Reproduction is an important element of the autonomy of people. If the right to procreation has been traditionally granted to heterosexual couples, the meeting of ART with LGBTIQ has changed the way of thinking about reproductive rights for non-heterosexual couples. It is evolving towards recognizing LGBTIQ the same right to procreation. In France, homosexual individuals have access to adoption but not to ARTs. Trans-men have access to ARTs because they are considered as men equal to every other man. Trans-women, however, do not have access to ARTs due to the legal prohibition of surrogacy and ARTs in homosexual couples. As a consequence, there is no legal way for trans-women to procreate. However, trans-parenthood did not wait for progress in biotechnologies or for non discriminatory arguments to be made in order to access equally to procreation, and autonomy has been reached by transgender people using their own means. Using “do-it-yourself” processes, transgender people have long become parents, despite the limitations in accessing ART [68, 69]. Since the literature review shows that the right to procreate is accepted as a universal human right, the respect of a person’s autonomy leads to granting each individual the right to reproduce. This right is relevant even in non-standard family forms and regardless of gender identity status [47, 70]. In the same way, transgender people should be counselled on reproductive issues by professionals, prior to initiating treatment, to have a clear overview of the treatment effects, the preservation possibilities, and what to expect [2931].

Justice

This principle stipulates that related cases should be treated in a similar way, except when there is a morally relevant difference between them. What could be a morally relevant difference between trans-parenthood and heterosexual parenthood? As noted above, the few data that have been published do not suggest negative consequences for either the child or the parents. Fertility preservation will be the only way to give birth to genetically related children after transition surgery for transgender people. Some argue that trans-men and trans-women are choosing a sterilizing treatment that is not necessary for their health. Therefore, they should not go through transition surgery if they wish to have children [32]. However, after listening to what transgender people say, hormonal and surgical transitioning does not seem to be a choice but on the contrary, an absolute necessity to achieve their identity construction process and attain the state of complete physical, mental and social well-being that defines health as defined by the WHO. Consequently, trans-persons should be considered in the same way as other patients, and there should not be an argument to demand a parenting project when fertility preservation is chosen by trans-adolescents, if such a parenting project is not required from adolescents suffering from cancer. At that age, most adolescents do not have such preoccupations and are not able to project themselves into the future.

Additionally, there should not be a discriminatory double standard with stricter evaluation criteria for the risk of harming the offspring. The issue of gender transition must not be allowed to mask any other factors relevant to ethical decision making; the couples should be assessed using the same criteria as heterosexual couples (e.g., why, in France, can trans-men become parents but trans-women cannot?). However, other relevant considerations, such as the interests of eventual surrogates to avoid human exploitation, should also be taken into account [4771]. Finally, when there is no legal prohibition to ARTs for trans-men and trans-women, inequity may still arise in some countries due to the lack of support of ARTs by the medical insurance system [72].

Conclusion

Medical advances allow transgender persons to go through a ‘sex change’ in the direction of their experienced gender. At the same time, ARTs and gamete preservation have forged new ways for persons to access parenthood, resulting in the introduction of elements of change in the conservative patterns of thinking about our origins. How could we address these new ways to conceive a child? We believe there are two options: [1] refusing it all because we cannot bear to think about it or [2] based on the idiosyncratic courses of action mentioned above, being creative and inventive witnesses of broader societal developments that can lead to societal progress in terms of human rights. Through the usage of “do-it-yourself” processes, transgender people are becoming parents; the second option is likely to be ongoing. We think that a better ethical debate could occur by dismissing opinions and adopting medical ethics standards derived from principlism to delineate risks and benefits at both the individual (parents in waiting and surrogate) and collective levels, on the one hand, and the anticipated empirical research, on the other. Despite societal opposition [73], more research is needed on the health of surrogate mothers, the long-term outcome of fertility preservation and hormonal suppression, and the developmental well-being of children from trans-parents.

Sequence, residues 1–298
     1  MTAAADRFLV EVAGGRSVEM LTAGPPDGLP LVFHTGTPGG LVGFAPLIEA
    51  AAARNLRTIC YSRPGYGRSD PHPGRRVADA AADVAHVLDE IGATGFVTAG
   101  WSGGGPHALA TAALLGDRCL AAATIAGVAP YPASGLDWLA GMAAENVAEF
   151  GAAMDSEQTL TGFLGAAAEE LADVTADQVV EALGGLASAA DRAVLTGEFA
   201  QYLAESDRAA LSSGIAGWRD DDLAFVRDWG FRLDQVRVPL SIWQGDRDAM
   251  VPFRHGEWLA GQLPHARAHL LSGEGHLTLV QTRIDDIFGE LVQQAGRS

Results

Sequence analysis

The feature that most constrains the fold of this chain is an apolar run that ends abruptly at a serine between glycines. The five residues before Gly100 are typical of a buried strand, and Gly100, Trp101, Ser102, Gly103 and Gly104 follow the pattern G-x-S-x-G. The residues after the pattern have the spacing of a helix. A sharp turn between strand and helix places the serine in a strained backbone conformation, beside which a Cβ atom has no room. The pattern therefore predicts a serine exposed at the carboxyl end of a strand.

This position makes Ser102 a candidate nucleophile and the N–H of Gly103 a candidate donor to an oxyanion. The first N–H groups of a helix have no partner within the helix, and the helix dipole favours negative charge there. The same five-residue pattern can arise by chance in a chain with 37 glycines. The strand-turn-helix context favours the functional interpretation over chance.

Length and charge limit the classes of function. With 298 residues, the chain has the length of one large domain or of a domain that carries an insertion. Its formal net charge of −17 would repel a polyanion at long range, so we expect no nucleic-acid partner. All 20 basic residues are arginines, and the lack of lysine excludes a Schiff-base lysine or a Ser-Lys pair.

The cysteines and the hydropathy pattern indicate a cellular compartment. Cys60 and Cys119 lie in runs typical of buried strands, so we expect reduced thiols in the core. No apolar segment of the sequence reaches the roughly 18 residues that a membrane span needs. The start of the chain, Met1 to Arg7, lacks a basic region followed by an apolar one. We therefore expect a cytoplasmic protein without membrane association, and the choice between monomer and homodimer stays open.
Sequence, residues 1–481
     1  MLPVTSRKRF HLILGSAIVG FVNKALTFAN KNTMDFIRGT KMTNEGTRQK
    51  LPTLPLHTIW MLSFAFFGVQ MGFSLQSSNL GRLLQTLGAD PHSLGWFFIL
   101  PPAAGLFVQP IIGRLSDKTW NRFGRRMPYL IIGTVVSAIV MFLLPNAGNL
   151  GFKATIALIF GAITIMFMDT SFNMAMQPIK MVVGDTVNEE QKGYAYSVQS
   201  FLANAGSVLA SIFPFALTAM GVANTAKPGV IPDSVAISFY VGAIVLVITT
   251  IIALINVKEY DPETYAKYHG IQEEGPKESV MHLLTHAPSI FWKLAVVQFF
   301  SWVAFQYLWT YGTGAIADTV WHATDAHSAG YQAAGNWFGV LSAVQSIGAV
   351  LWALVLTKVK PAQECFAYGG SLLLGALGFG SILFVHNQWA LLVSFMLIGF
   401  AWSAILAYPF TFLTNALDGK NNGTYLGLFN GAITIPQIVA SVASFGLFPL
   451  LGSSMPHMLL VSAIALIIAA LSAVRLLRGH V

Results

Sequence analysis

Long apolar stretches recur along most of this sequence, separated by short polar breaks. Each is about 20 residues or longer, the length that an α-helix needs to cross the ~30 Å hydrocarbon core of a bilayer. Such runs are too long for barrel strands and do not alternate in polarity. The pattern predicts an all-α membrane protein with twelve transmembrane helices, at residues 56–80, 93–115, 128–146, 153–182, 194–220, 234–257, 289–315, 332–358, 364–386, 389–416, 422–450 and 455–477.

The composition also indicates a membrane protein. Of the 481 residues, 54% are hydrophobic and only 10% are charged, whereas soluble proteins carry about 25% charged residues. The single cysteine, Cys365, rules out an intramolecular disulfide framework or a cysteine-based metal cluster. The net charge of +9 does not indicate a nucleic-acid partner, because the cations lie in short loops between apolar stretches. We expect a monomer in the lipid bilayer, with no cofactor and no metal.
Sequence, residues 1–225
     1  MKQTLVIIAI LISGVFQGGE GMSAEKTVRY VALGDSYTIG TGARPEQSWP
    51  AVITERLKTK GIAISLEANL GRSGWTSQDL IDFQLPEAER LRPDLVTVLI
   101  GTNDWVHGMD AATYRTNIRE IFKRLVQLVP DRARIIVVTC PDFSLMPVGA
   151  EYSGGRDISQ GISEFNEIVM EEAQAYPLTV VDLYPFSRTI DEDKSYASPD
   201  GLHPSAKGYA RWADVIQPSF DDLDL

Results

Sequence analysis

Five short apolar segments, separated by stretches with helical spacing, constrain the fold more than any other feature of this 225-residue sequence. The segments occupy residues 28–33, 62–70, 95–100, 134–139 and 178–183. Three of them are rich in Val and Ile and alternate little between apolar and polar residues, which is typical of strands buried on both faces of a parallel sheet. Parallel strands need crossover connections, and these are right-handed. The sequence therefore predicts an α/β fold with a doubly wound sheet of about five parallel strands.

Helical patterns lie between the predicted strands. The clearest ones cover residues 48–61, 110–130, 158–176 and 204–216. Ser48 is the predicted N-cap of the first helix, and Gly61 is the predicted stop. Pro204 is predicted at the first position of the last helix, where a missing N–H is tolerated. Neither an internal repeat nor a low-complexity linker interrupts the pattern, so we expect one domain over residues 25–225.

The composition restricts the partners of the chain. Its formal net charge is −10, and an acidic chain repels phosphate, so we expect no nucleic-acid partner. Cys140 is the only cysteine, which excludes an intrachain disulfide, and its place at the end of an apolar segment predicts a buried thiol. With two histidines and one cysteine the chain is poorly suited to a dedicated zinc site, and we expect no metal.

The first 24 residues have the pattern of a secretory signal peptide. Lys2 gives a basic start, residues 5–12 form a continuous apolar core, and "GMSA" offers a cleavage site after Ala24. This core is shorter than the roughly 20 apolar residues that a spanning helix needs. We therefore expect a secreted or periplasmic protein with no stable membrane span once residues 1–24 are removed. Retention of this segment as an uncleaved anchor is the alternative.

Abbreviations

ART: 

Assisted Reproduction Technology

ARTs: 

Assisted Reproduction Technologies

DSI: 

Donor Semen Insemination

FtM: 

Female to Male

GD: 

Gender Dysphoria

IVF: 

In Vitro Fertilization

LGBTIQ: 

Lesbian-Gay-Bisexual-Trans-Intersex-Questioning

MtF: 

Male to Female

WHO: 

World Health Organization

WPATH: 

The World Professional Association for Transgender Health

Declarations

Acknowledgements

Acknowledgements to Anne saris, law professor, University of Quebec in Montreal, for her proofreading.

Acknowledgements to the Fondation d’Entreprise Pfizer.

Funding

The current research has been supported by a grant from the Fondation d’Entreprise Pfizer given to AC and DC.

Availability of data and materials

Not applicable.

Authors’ contributions

AC, NG, FA and DC designed the seminar and the multidisciplinary approach. AC, NM, CC, and CL reviewed the literature regarding gender dysphoria. VD and JPW reviewed the literature discussing Assisted Reproduction Technology. All participants contributed to the ethical and multidisciplinary discussions during the seminars. AC, DC, and VD wrote the first version of the manuscript. All authors carefully revised the first draft and accepted the final version.

Ethics approval and consent to participate

Not applicable.

Consent for publication

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Authors’ Affiliations

(1)
Service de Psychiatrie de l’Enfant et de l’Adolescent, Hôpital Pitié-Salpêtrière, Paris, France
(2)
CESP INSERM 1018, ED3C, université Paris Descartes, Paris, France
(3)
Équipe d’accueil CLIPSYD EA 4430, Connaissance, langage, modélisation (ED 139), université Paris Ouest–Nanterre La Défense, Nanterre, France
(4)
CECOS Paris Cochin, Hôpital Cochin, Paris, France
(5)
Lien POPI (périnatalité, orientation psychanalytique et institution), centre Dominique Mahieu-Caputo, Paris, France
(6)
Service de Psychiatrie de l’Enfant et de l’Adolescent, Université de Genève, Hôpitaux Universitaires de Genève, Genève, Switzerland
(7)
Institut des Systèmes Intelligents et de Robotiques, Université Pierre et Marie Curie, Paris, France